When you are in the market for a new floor machine—or any other type of cleaning equipment—stop the rote buying and check out alternative systems.
There are literally billions of square feet of hard surface flooring in North America and much of it does need to be maintained in traditional ways: stripping, finishing, and buffing. However, when it comes to hard surface floors, two things are evolving:
- Many managers are deciding not to put a finish on their floors, usually for cost and environmental reasons.
- New vinyl flooring technologies are being introduced that do not need to be finished. These floors are designed to look just like wood, marble, and even traditional vinyl floors. Expect to see more of these floors installed in years to come.
Quick question: when you think of polishing floors to a high gloss shine, what kind of floor machine do you think of? If it’s a rotary pad machine, you guessed right. But if you are looking for a machine that may be able to produce an even higher gloss shine—a piece of equipment that users say is much easier to use, lighter, and more flexible—than I suggest you read further.
While they have definitely found their niche in the professional cleaning industry, with several manufacturers making machines featuring this technology, cylindrical brush floor machines (also known as cylindrical brush technology) are still only marginally known when compared to rotary systems. It’s similar to purchasing a vacuum cleaner, when most cleaning professionals think first (and usually only) of selecting an upright vacuum. But did you know that in Europe and Asia, canister vacuum cleaners are usually the first choice of cleaning workers and uprights are rarely used?
Over decades, cleaning professionals have become accustomed to using certain technologies, but in my opinion we need to break this cleaning equipment buying habit. There may just be a more effective equipment option waiting for you to discover it and, according to the study below, this very well may be true for cylindrical brush floor machines.
About 10 years ago, the American Institute of Cleaning Sciences (AICS) conducted a study comparing the gloss results of two different floor machines: one was a 20-inch, 175-275 rpm rotary machine and the other was an 18-inch twin cylindrical brush machine; many cylindrical brush floor machines are designed with two twin counter-rotating brushes. For the most part, these machines are comparable and designed to polish similar types of hard surface floors where a conventional finish—one designed for buffing with a low-speed machine—has been applied.
The test was conducted in a K-6 elementary school with 300 students. The floor was a commercial terrazzo floor that had been finished with a high-speed, 25% solids finish made with no ingredients that would cause it to yellow, distort, or discolor. The high-speed finish was designed to be polished using a 2,000 rpm burnisher, but it could also be polished using a low-speed floor machine.
The floor had been stripped and refinished 60 days before the evaluation and six thin coats of floor finish were applied. It was decided to wait 60 days before conducting the test to allow the finish to harden and “cure.” During the 60-day period, the floor was damp mopped regularly using a neutral floor cleaner and a 24-ounce mop. Additionally, once per week, the floor was cleaned using an automatic scrubber, again with a neutral floor cleaner; this was followed by burnishing.
How the Test Was Conducted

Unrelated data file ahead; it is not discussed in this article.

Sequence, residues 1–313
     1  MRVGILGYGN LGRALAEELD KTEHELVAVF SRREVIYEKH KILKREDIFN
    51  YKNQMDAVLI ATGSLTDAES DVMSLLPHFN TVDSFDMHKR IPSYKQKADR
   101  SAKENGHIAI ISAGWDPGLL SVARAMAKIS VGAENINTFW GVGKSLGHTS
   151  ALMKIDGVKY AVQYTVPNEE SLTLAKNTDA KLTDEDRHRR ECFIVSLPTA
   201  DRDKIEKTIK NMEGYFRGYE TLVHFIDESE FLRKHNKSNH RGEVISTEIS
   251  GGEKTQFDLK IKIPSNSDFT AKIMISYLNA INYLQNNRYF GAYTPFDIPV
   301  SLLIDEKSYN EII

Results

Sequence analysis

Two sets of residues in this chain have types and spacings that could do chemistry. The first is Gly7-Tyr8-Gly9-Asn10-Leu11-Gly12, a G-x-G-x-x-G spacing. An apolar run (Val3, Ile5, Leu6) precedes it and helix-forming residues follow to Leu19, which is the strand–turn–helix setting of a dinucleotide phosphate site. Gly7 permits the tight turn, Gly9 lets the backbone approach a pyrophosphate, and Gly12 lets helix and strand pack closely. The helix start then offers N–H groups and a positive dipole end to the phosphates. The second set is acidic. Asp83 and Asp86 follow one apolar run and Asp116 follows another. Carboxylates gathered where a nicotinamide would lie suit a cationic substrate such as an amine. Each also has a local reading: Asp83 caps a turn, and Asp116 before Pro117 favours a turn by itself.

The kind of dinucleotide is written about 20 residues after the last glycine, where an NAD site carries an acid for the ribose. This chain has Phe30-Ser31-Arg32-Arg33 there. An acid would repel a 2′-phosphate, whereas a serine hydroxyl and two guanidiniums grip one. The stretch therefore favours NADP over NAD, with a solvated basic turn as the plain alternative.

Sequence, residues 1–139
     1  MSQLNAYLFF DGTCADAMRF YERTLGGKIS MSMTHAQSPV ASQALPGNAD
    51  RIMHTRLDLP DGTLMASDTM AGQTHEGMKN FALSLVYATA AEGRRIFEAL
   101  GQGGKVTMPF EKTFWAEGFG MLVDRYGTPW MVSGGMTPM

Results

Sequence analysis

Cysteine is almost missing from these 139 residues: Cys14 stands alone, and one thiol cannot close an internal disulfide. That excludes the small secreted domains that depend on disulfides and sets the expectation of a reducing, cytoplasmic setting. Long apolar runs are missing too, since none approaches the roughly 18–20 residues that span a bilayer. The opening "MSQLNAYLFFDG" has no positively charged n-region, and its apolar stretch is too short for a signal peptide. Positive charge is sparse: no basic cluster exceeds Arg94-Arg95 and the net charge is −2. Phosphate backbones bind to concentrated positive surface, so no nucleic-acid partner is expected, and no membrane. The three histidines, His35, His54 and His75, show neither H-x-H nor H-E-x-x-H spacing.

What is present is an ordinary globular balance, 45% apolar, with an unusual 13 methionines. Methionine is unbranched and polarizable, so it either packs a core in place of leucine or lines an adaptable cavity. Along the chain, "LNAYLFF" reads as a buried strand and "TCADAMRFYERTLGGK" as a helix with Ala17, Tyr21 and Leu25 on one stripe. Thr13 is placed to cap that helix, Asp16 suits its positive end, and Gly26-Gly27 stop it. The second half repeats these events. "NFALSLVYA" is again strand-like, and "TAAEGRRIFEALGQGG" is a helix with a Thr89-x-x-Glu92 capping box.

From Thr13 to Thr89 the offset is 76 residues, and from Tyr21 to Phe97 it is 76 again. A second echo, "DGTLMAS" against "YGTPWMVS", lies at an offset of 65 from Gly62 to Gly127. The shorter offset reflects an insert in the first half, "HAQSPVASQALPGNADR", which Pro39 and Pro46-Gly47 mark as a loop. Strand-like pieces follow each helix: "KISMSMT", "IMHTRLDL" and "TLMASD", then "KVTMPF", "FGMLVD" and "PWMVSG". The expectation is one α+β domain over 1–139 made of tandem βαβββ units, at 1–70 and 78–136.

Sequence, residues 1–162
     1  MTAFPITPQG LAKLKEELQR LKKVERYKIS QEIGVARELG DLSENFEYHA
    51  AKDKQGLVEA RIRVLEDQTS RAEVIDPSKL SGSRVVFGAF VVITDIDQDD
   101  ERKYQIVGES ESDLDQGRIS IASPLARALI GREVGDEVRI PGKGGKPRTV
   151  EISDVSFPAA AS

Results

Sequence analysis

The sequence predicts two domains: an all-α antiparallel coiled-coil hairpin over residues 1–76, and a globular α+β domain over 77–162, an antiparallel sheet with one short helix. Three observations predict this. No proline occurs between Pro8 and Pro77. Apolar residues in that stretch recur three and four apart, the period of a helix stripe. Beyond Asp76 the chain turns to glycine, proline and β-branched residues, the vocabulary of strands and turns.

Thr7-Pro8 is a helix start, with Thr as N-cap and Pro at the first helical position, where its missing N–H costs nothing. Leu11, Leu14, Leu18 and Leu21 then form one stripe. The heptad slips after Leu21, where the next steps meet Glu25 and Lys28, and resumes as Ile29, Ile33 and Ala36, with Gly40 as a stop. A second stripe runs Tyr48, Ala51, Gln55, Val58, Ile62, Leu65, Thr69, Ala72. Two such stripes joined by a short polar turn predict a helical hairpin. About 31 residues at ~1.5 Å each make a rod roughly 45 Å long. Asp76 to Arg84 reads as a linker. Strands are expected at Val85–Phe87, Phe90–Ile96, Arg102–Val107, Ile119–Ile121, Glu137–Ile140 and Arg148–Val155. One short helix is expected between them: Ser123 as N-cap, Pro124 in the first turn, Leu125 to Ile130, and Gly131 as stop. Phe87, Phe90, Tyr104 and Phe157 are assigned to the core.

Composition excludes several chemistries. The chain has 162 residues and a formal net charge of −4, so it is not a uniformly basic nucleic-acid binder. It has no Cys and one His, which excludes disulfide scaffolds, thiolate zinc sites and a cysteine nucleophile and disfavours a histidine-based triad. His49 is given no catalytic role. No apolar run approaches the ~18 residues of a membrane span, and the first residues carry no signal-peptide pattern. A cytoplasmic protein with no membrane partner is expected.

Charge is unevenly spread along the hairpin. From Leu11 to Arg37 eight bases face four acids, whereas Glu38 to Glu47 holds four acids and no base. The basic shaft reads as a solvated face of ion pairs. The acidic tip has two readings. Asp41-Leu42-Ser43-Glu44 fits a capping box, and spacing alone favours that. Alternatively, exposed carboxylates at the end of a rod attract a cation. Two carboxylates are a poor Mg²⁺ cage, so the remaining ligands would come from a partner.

Now that we have all the key points covered about the test floor and how it was maintained, we can now dive right into how the test was conducted. The school was located in the Midwest and the tests were conducted in the month of September. It is important to know that because at that time of year in this region, temperature and climate conditions are very mild. Floor care can be impacted by very cold and very hot weather as well as very humid conditions.
The researchers divided a floor area into two equal 10-foot parts. The floors were scrubbed clean using the two different types of machines mentioned earlier. This was followed by vacuuming the floor with a backpack to collect any dust that may have accumulated, and then the floor was mopped using a neutral floor cleaner. After drying, the gloss test began.
A high quality gloss meter was used to measure the gloss at three different measuring angles and from an expanded area. The first test established a benchmark. The floor where the cylindrical brush machine was used had a gloss reading of 77; the floor where the rotary machine was used had a gloss reading of 78. The higher the reading, the more gloss.
The floor was then cleaned and gloss tested five times. Below are the results:
- Cylindrical: 79
- Rotary: 74
- Cylindrical: 79
- Rotary: 73
- Cylindrical: 80
- Rotary: 71
- Cylindrical: 79
- Rotary: 71
- Cylindrical: 77
- Rotary: 69
Average Gloss Readings
- Cylindrical: 78.8
- Rotary: 71.6
As you can see, the numbers speak for themselves. The study concluded that “these scientific findings demonstrate that the gloss units obtained by the twin cylindrical brush [machine] are 5 to 9 degrees higher [meaning glossier] than a conventional floor machine with a cleaning pad.”
Do these results suggest your next floor machine should be a cylindrical brush machine? As a manufacturer of both cylindrical brush and rotary floor machines, I’m going to have to let you make that decision. However, here is some closing advice: when you are in the market for a new floor machine—or any other type of cleaning equipment—stop the rote buying and check out alternative systems. You just might be in for a surprise.
Sean Martschinke, a CIMS ISSA Certification Expert (I.C.E.), currently serves as the marketing manager for Tornado Industries, a manufacturer of professional floor care and other cleaning tools and equipment.